A further object and advantage is to provide a toy with apertures through which the fingers can grasp, so as to allow it to be easily caught. An additional object and advantage is to provide a toy which is symmetrical, as to be thrown with equal results by either right-handed or left-handed players.
FIG. 1 shows the invention in perspective
FIG. 2 shows a side view the invention
FIG. 3 shows the invention with cross-sections of a radial airfoil and the circular airfoil
FIG. 4 shows the invention held in the backhand manner
FIG. 5 shows the flight of the invention when it is thrown in the backhand manner
FIG. 6 shows the invention held in the inverted manner
FIG. 7 shows the flight of the invention when it is thrown in the inverted manner
FIG. 8 shows the invention held in the vertical manner
FIG. 9 shows the flight of the invention when it is thrown in the vertical manner
FIG. 10 shows the invention held right-side-up, in the sidearm manner FIG. 11 shows the flight of the invention when it is thrown in the right-side-up sidearm manner
As seen in FIG. 1, the present invention comprises a plurality of tapered airfoils 13 radiating from a central hub 14 and joined to the inner edge of a circular airfoil 12. In the preferred embodiment, the said radial airfoils 13 are set at a uniform angle of 20 degrees, the highest point of elevational profile being at the central hub 14. The outline of the profile of the device, as shown in FIG. 2, defines an airfoil having maximum elevation at the central hub 14, while sloping to minimum elevation at the leading and trailing edges of the circular airfoil 12.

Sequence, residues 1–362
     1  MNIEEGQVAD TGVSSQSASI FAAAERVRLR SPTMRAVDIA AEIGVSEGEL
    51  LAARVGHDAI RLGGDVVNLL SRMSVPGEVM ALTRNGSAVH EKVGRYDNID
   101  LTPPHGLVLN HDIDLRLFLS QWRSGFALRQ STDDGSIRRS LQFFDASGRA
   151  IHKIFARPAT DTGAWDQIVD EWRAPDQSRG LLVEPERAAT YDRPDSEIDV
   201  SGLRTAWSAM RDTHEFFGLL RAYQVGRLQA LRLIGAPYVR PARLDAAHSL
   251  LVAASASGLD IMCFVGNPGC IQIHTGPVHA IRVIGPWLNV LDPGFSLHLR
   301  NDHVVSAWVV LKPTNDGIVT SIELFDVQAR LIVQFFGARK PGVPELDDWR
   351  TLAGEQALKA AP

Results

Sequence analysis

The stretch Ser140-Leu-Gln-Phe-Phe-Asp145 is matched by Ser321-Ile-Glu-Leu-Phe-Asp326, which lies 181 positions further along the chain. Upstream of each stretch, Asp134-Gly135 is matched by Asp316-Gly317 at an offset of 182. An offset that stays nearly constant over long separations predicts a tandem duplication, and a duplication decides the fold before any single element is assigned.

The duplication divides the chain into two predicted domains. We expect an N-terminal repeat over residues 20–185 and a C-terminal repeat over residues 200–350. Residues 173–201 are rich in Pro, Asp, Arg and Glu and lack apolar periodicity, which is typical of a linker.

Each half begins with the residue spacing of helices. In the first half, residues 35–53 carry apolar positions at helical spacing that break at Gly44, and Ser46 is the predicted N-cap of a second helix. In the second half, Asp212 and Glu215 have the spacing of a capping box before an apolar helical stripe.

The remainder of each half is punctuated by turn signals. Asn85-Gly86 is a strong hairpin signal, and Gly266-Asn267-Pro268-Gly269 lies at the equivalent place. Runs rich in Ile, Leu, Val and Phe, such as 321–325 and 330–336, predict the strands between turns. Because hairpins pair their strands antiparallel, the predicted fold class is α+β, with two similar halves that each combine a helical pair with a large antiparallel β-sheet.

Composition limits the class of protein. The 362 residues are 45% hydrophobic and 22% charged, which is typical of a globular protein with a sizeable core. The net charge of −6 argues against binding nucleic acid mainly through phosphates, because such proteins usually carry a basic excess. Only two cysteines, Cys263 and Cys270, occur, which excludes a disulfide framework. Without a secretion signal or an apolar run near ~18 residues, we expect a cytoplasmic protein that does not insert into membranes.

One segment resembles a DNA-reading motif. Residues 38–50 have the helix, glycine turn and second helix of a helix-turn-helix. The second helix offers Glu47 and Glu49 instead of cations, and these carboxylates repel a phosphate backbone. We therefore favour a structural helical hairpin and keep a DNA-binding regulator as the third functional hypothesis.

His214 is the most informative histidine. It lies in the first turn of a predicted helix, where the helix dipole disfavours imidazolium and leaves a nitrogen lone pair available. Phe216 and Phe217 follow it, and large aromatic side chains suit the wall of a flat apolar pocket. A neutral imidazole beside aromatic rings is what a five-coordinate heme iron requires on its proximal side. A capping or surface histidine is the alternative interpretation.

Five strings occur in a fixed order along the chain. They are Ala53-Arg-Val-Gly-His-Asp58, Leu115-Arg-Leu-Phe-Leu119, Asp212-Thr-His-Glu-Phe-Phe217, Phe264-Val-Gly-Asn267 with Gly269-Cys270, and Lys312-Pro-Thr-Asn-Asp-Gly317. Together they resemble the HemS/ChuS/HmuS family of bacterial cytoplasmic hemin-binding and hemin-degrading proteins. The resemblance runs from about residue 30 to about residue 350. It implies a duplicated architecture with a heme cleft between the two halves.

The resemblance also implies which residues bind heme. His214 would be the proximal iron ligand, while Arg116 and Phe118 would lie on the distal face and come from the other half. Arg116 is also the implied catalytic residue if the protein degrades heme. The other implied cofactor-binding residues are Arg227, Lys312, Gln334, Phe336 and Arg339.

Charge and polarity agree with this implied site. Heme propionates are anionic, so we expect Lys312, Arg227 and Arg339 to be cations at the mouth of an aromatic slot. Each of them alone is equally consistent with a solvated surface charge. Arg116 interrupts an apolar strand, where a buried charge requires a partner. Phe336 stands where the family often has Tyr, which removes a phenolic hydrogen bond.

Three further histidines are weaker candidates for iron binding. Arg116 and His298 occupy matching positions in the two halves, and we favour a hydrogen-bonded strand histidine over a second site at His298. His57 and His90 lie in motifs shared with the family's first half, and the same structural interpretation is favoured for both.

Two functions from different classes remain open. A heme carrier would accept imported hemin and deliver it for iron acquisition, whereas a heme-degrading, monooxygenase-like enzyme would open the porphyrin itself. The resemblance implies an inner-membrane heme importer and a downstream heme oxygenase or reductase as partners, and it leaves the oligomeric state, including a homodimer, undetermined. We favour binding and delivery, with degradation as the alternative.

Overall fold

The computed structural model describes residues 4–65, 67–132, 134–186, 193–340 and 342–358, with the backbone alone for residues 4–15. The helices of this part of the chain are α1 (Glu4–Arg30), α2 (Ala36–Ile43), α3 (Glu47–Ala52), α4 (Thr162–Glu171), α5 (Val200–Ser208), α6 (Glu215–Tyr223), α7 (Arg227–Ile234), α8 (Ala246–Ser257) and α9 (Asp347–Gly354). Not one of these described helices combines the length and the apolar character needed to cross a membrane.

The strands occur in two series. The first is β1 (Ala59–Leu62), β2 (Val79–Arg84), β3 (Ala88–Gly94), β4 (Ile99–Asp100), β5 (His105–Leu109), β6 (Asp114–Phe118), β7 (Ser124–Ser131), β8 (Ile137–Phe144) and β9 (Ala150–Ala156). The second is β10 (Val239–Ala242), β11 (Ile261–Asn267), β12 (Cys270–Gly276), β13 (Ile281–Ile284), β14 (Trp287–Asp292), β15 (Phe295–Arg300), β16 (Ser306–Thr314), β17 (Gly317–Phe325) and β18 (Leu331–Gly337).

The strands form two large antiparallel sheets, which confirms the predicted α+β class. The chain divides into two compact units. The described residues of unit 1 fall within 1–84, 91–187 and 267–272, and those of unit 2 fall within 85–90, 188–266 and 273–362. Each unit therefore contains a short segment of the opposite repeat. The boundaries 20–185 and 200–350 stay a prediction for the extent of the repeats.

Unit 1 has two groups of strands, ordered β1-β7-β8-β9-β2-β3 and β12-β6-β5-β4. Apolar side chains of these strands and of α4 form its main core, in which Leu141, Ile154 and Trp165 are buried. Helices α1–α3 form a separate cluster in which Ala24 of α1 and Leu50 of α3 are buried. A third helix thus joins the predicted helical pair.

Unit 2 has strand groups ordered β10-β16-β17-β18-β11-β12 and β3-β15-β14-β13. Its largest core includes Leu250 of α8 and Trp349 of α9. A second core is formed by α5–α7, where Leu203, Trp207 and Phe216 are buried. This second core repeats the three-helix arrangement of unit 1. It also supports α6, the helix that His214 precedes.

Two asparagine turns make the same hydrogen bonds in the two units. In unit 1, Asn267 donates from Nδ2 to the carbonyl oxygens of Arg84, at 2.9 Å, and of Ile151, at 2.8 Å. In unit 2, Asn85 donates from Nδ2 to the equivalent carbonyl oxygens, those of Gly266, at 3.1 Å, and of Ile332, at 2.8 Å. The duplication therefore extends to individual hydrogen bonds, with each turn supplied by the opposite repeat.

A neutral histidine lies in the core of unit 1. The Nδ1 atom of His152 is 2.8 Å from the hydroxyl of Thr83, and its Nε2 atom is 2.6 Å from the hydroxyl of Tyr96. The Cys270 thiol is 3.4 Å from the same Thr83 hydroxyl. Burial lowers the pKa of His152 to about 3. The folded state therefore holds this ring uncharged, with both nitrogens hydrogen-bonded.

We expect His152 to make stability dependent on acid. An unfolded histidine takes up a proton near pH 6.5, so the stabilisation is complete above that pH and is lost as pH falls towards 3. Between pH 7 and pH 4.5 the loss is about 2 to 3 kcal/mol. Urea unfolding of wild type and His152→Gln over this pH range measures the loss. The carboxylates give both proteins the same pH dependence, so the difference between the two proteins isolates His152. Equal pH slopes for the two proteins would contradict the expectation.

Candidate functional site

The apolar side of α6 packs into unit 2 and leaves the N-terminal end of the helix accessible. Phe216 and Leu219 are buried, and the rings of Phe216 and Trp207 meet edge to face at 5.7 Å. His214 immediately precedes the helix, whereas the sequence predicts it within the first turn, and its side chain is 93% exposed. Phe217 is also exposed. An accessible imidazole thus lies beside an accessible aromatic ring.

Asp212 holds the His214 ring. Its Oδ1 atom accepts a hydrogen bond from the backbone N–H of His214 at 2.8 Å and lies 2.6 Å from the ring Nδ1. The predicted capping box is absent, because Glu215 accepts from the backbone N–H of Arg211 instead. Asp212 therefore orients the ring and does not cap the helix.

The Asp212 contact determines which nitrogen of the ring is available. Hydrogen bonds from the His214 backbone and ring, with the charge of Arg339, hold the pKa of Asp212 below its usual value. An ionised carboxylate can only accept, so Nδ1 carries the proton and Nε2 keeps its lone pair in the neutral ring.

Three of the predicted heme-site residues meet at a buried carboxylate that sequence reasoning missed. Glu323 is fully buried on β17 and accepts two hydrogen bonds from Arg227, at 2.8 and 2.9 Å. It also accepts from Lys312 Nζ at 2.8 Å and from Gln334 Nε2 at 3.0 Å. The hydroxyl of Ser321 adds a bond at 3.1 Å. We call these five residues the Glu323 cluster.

As air moves across the surface of said profile, during the flight of the toy, lift is provided in accordance with the principles of aerodynamics regarding airfoils. Lift is further provided by the rotating of the radial airfoils 13 about the central hub 14, as the toy spins in flight. A third source of lift is provided, as air moves across the surface of the circular airfoil 12, while the toy is in flight.
FIG. 3 shows the cross-section 15 of the radial airfoil 13 is symmetrical, with the lower camber surface curving in the same direction as the upper camber surface. Also shown in FIG. 3, the cross-section 16 of the circular airfoil 12 is symmetrical with the curvature of the lower camber being in the same direction as the upper camber surface.
The combined action of the circular airfoil 12, radial airfoils 13, and profile of the device when the toy is thrown through the air, causes it to perform various unique aerial maneuvers, according to the manner in which it is thrown:
(a) Held in a backhand manner, as shown in FIG. 4, and released with a spinning motion, as gyroscopic flying toys are typically tossed, the device remains parallel to the ground in flight, as shown in FIG. 5. When thrown in this manner, the toy provides improved lift and lateral stability in flight.
(b) Held upside down, as shown in FIG. 6, and tossed in a sidearm manner, without spin, the toy can be made to roll over 180 degrees in the flight, as shown in FIG. 7, whereupon it rights itself and starts to spin.
(c) When held vertically, as shown in FIG. 8 and tossed in an overhand manner, with spin, the toy can be made to roll over 270 degrees, whereby it first rolls to an inverted position and continues rolling until it is right-side-up, as shown in FIG. 9